Natural language provides motivation for studying modal backwards-looking operators such as “now”, “then” and “actually” that evaluate their argument formula at some previously considered point instead of the current one. This paper investigates the expressive power over models of both propositional and first-order basic modal language enriched with such operators. Having defined an appropriate notion of bisimulation for first-order modal logic, I show that backwards-looking operators increase its expressive power quite mildly, contrary to beliefs widespread among philosophers of language and formal semanticists. That in turn presents a strong argument for the use of operator-based systems in the semantics of natural language, instead of systems with explicit quantification over worlds and times that have become a de-facto standard for such applications. The popularity of such explicit-quantification systems is shown to be based on the misinterpretation of a claim by Cresswell, which led many philosophers and linguists to assume that introducing “now” and “then” is expressively equivalent to explicitly quantifying over worlds and times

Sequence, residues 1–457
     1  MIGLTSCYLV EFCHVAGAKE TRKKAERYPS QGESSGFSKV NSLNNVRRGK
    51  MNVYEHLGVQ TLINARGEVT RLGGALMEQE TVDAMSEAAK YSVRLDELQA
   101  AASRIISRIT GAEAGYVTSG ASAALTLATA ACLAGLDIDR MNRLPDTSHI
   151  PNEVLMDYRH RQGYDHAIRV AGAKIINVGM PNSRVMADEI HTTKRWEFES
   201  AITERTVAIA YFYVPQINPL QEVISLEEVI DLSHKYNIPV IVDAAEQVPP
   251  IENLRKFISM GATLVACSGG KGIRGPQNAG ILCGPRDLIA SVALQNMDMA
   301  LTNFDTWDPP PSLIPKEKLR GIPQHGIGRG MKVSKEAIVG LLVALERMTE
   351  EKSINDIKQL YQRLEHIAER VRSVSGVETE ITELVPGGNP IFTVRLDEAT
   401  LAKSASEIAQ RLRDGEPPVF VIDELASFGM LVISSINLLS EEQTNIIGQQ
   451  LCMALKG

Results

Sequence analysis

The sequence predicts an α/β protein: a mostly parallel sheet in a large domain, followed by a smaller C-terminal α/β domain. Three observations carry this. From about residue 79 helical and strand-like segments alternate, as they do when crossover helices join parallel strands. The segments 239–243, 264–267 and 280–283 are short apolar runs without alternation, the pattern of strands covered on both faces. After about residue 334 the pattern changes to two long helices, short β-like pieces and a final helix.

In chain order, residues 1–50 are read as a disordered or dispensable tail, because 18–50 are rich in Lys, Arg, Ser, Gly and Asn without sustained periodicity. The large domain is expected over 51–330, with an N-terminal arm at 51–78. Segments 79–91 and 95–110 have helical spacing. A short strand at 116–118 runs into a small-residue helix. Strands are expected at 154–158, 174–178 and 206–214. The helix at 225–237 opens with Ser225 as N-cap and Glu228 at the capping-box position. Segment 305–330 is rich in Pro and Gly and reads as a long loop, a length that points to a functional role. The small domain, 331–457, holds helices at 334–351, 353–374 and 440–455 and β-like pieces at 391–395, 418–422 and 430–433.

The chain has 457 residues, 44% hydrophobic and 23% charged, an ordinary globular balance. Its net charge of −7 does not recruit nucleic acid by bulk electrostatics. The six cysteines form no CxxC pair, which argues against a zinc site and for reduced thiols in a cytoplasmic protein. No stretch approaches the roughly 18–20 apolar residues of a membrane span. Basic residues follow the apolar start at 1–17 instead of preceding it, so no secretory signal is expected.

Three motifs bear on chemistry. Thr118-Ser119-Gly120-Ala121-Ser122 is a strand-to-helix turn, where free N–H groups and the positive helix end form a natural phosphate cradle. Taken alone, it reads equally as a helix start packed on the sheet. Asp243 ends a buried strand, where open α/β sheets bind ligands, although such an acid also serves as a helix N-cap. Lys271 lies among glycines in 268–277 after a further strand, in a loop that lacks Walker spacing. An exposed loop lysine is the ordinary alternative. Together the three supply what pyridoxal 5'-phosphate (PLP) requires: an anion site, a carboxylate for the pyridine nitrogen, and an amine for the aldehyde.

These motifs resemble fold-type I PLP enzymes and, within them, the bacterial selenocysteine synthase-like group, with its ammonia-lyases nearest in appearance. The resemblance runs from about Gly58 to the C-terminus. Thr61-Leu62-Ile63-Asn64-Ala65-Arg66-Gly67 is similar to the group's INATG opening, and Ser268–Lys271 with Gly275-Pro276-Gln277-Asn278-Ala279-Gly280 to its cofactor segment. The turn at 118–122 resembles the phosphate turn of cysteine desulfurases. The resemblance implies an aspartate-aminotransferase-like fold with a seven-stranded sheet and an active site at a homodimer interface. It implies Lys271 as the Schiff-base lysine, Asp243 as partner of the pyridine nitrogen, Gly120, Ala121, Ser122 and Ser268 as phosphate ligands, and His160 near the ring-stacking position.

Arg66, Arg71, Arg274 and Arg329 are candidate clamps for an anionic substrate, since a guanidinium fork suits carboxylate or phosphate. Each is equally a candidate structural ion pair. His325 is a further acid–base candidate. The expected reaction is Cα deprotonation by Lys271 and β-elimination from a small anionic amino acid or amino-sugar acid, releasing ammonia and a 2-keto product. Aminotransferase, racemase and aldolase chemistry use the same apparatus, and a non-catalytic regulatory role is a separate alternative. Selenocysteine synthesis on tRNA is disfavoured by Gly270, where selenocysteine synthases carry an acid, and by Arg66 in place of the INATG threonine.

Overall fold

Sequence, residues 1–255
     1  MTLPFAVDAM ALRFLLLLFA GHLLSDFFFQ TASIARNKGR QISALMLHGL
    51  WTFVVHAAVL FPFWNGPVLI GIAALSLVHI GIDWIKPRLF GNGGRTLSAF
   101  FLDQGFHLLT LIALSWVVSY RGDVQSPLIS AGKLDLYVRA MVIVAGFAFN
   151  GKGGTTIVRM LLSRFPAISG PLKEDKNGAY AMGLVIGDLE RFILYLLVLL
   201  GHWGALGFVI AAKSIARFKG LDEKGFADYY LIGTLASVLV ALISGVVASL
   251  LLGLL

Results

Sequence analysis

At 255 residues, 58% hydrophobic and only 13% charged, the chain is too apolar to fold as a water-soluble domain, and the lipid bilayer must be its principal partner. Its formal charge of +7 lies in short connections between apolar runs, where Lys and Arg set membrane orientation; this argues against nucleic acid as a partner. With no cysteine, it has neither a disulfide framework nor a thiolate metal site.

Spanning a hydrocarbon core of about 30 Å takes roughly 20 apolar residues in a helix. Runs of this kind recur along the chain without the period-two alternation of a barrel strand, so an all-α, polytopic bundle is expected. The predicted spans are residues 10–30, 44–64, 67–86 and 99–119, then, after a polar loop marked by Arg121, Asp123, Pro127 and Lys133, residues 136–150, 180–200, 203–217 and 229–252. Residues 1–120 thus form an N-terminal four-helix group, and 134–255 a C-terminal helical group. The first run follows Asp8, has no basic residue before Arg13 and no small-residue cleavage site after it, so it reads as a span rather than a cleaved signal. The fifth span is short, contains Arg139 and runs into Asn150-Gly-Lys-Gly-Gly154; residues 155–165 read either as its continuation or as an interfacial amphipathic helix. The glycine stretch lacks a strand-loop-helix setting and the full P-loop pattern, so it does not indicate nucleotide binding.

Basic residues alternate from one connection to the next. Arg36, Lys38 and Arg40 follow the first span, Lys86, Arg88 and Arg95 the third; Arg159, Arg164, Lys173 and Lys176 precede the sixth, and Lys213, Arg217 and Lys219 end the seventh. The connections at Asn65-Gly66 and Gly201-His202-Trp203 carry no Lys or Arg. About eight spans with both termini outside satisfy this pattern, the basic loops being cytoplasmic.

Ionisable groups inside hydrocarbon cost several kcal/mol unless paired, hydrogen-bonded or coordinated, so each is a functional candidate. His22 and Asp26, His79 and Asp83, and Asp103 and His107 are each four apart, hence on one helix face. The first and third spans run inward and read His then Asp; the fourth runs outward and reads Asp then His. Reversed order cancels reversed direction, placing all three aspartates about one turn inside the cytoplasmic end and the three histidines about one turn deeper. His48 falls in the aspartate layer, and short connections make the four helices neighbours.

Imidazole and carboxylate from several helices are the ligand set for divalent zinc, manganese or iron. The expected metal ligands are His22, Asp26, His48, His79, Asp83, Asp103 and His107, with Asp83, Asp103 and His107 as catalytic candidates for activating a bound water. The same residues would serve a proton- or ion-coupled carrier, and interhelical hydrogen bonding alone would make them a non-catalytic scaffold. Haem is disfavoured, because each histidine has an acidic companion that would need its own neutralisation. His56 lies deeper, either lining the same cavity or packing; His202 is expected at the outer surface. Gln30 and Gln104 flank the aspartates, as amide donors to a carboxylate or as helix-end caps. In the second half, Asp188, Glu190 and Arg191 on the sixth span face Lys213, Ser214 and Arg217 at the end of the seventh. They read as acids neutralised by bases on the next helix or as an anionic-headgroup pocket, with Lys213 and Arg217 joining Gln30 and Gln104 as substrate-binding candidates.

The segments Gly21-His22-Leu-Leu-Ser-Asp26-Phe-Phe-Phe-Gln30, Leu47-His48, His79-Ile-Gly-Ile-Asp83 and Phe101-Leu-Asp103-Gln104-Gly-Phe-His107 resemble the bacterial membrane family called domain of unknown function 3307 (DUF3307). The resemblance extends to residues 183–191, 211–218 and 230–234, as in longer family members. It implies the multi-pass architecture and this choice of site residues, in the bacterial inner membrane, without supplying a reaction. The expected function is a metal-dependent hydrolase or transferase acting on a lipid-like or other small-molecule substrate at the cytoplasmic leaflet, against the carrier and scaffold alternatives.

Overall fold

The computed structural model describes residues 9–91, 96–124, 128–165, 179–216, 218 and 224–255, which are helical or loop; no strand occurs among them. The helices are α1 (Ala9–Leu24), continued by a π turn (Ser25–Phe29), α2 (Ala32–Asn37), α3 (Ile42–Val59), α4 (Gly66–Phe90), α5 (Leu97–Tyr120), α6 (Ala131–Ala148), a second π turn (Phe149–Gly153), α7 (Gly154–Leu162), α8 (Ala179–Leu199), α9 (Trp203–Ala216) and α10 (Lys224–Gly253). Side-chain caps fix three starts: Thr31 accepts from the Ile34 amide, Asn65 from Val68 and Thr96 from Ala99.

Keywords “Now” operator  Backwards-looking operators  Bisimulation  First-order modal logic  Hybrid logic
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DOI 10.1007/s10849-014-9210-3
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References found in this work BETA

Counterpart Theory and Quantified Modal Logic.David K. Lewis - 1968 - Journal of Philosophy 65 (5):113-126.
Formal Properties of 'Now'.Hans Kamp - 1971 - Theoria 37 (3):227-273.
A Plea for Monsters.Philippe Schlenker - 2002 - Linguistics and Philosophy 26 (1):29-120.

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Citations of this work BETA

Logic Talk.Alexander W. Kocurek - 2021 - Synthese 199 (5-6):13661-13688.
The Problem of Cross-World Predication.Alexander Kocurek - 2016 - Journal of Philosophical Logic 45 (6):697-742.
Looking Backwards in Type Logic.Jan Köpping & Thomas Ede Zimmermann - 2021 - Inquiry: An Interdisciplinary Journal of Philosophy 64 (5-6):646-672.

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